Every time I feel like I finally have a routine down, and have accepted my current circumstances, something always seems to happen that upends my sense of peace. Last month, I had a pretty nasty fall while taking baby steps during a transfer from one chair to another. My left leg, without warning, gave out, and down I went. The room it happened in was too small for a Hoyer Lift, so all transfers had to be manual.
Dad broke my fall but I still went down into a crumpled, contorted heap on my knees. My body then immediately bent back like a rocker banging out a guitar solo. I bent until my back was parallel to the ground, with my legs stuck underneath me. I felt sharp pains behind both my kneecaps and in other leg muscles I didn’t even know I had. I was convinced I had broken something or had torn a ligament. In that moment, all I could think of was the future, how I would need to be hospitalized, and after that, put in a rehab facility indefinitely. When would I be home again?
The pain jolted me back into the moment. Because I was in the middle of the floor without much room to maneuver to pick me up, we called an ambulance. A few minutes later two EMTs arrived who, along with my dad, were able to lift me and place me back into the wheelchair. Once I was in the chair, I was able to determine that I didn’t break or tear anything, but had pulled the muscles behind my kneecaps. My right ankle was also very sore. I wouldn’t be able to bear weight on my legs until I had recovered.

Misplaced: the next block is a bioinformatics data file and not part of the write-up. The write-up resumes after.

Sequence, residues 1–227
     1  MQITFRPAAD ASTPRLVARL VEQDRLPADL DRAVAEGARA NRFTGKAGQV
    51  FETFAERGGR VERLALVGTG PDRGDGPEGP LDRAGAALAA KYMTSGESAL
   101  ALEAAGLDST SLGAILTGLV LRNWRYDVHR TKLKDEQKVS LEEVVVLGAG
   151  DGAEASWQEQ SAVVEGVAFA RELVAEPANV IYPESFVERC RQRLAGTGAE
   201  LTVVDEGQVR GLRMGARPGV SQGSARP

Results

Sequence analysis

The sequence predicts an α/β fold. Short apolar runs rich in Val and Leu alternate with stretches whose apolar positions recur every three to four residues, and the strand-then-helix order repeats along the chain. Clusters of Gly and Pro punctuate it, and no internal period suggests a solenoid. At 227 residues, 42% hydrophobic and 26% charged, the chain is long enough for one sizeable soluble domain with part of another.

Well, a month has passed and I haven’t been able to take any steps since. My legs have more or less healed but are still stiff and sore on some days. I can get into a standing position but sit back down after a few seconds. The time off my feet weakened me further, and at this point there is no point trying to take any more steps. I no longer go in that cramped room.
From first symptom onset in 2008 to today, it took fourteen years to fully lose the ability to walk. Early on, I obsessed over when it would happen. How it would happen. I couldn’t picture myself reliant on a wheelchair to get around 100% of the time. Now, I don’t have to picture it anymore. The day has come.